System of government
Bhutan is continuing to consolidate its newly established democracy following its transition to constitutional monarchy in 2008. Bhutan’s parliament consists of an upper and lower house. The National Council (lower house) consists of 20 members each elected to represent a Dzongkhag (district), who are joined by five members appointed by the King; the National Assembly consists of 47 members, each elected by a constituency.
Decentralisation to local governments has been underway for several decades. The Local Government Act of Bhutan, 2009 provides the most recent statement of the powers and responsibilities of Dzongkhags (of which there are 20), Gewogs (groups of villages, 205 in total), and Thromdes (municipalities, of which there are 4).
The country’s first national elections took place in December 2007 (upper house) and March 2008 (lower house), with the Druk Phuensum Tsogpa (DPT) party winning government. Bhutan’s second elections (April to July 2013) delivered a peaceful change of government, with the People’s Democratic Party (PDP) gaining a majority. The current Prime Minister is Tshering Tobgay. The next elections will be held in 2018.
Despite the political changes, the King and royal family retain an important role in Bhutanese society. The current reigning monarch is His Majesty, King Jigme Khesar Namgyel Wangchuck, the Fifth King (Dragon King). The heir to the throne, His Royal Highness The Gyalsey, was born on 5 February 2016.
The guiding principle of Bhutan's economic development is Gross National Happiness (GNH). The four pillars underlying GNH are:
- Sustainable and Equitable Socio-Economic Development
- Conservation of the Environment
- Preservation and Promotion of Culture, and
- Good Governance.
All government programs are assessed against the GNH framework, with the aim of ensuring sustainable, holistic development.
The Bhutanese economy continues to grow strongly, albeit off a small base. Bhutan has a history of fiscal prudence and good governance and the currency is pegged to the Indian rupee. Bhutanese products enjoy free access to the large Indian market and India is Bhutan's main trade, investment and development assistance partner. Agriculture and forestry dominate Bhutan’s domestic economy, while hydropower and tourism are major export earners.
Steep mountains and swift flowing rivers make hydropower production a natural fit in Bhutan. It is estimated the country has a total potential hydropower generation capacity of 30,000 megawatts. Bhutan is likely to see significant increases in export and tax revenues as new hydropower projects become operational. Bhutan’s hydro sector is closely tied to India, which provides financial investment and technical assistance and imports a vast share of the produced electricity.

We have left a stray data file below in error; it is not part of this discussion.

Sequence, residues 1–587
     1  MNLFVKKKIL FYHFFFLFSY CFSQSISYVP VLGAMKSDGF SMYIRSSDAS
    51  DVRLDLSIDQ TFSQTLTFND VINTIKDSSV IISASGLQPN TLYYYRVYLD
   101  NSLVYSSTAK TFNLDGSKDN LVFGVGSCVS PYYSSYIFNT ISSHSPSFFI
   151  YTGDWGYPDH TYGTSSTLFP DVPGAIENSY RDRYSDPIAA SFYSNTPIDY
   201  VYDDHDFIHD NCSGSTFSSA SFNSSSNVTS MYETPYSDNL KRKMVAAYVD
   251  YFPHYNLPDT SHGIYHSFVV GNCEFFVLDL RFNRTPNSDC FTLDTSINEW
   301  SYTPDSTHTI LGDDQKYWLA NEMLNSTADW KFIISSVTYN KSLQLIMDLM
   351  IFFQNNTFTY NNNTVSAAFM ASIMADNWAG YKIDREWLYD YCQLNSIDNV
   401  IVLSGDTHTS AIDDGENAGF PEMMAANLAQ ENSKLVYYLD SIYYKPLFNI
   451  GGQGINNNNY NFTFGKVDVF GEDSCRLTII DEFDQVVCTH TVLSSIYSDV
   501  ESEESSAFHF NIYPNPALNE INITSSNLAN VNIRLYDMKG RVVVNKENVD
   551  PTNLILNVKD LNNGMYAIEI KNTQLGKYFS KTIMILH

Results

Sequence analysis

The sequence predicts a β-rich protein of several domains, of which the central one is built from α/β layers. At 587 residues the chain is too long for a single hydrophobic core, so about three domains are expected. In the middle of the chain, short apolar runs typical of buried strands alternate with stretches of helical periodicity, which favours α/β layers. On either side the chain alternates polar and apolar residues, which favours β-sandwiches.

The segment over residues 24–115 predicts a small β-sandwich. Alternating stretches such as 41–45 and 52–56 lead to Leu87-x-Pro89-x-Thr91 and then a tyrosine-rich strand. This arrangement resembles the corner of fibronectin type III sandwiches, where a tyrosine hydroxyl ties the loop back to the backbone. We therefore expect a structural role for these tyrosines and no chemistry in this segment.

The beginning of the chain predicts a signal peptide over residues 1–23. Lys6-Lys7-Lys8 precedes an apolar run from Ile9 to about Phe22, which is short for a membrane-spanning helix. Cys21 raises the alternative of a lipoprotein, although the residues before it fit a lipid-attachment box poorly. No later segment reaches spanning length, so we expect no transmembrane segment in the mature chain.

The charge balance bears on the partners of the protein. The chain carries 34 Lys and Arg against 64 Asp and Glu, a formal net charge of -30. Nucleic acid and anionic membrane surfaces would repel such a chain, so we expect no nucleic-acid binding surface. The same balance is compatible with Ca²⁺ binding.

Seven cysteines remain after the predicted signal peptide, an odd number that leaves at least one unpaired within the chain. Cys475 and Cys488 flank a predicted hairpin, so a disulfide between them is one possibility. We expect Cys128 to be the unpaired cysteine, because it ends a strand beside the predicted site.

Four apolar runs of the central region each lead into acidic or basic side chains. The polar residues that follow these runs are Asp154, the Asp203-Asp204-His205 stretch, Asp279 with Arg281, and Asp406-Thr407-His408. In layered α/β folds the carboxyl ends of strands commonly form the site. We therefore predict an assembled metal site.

Tourism represents another major opportunity for economic growth. Bhutan is aiming to increase tourists from the Asia region and has recently launched direct flights with Singapore and Mumbai.
Bhutan's Eleventh Five Year Plan (2013-2018), the second plan to be implemented since the introduction of Democratic Constitutional monarchy in 2008 was launched in October 2013.
The United Nations Development Programme (UNDP) Human Development Report (2015) ranks Bhutan 132 out of 188 countries in terms of the human development index (HDI), up from 136 in 2014. Bhutan faces the challenge of matching gains from strong economic growth (6-8 per cent per annum since the mid-1980s) with rising expectations of employment opportunities and welfare improvements, while also preserving its environment and culture. Providing employment opportunities for an expanding and increasingly urban and educated labour force continues to be a key priority for the Bhutanese government.
Australia and Bhutan have long enjoyed warm and friendly relations, predating the establishment of formal diplomatic relations on 14 September 2002. The Australian High Commissioner to India (based in New Delhi) is accredited to Bhutan, while Bhutan’s Ambassador in Bangkok is accredited to Australia.
Ms Catherine Harris AO PSM, based in Sydney, is the Honorary Consul for Bhutan in Australia. A second Honorary Consul for Queensland, Ms Leonore Guthrie Willie, was appointed in 2010. The Australia-Bhutan Friendship Association (ABFA) was launched on 3 March 2003 in Thimphu and continues to promote information exchanges and people-to-people links between the two countries. Bhutanese community associations have been established in Sydney, Canberra, Perth and Melbourne.
Australia and Bhutan held inaugural senior officials talks in January 2012 in Bhutan. Subsequent talks were held in Australia (July 2013) and Thimphu (October 2014). These talks enable Australia and Bhutan to exchange views on political and economic developments in their countries and the Asian region, and look for opportunities to further develop the bilateral relationship between the two countries.
There are regular political exchanges between Australia and Bhutan. In 2014, Australia welcomed delegations from the Parliament of Bhutan in August as well as Bhutan’s Queen Mother in October. In October 2015, Australia’s Ambassador for Women and Girls, Natasha Stott Despoja visited Bhutan in October 2015.
Bilateral Trade and Economic Relationship
Australia has a modest trade and investment relationship with Bhutan, with potential for greater links through the involvement of Australian companies in the education and skills sectors. Opportunities also exist in the agribusiness, ecotourism, infrastructure, resources and energy sectors, where demand for Australian expertise is growing.
Bilateral Aid Program
More information on development assistance to Bhutan.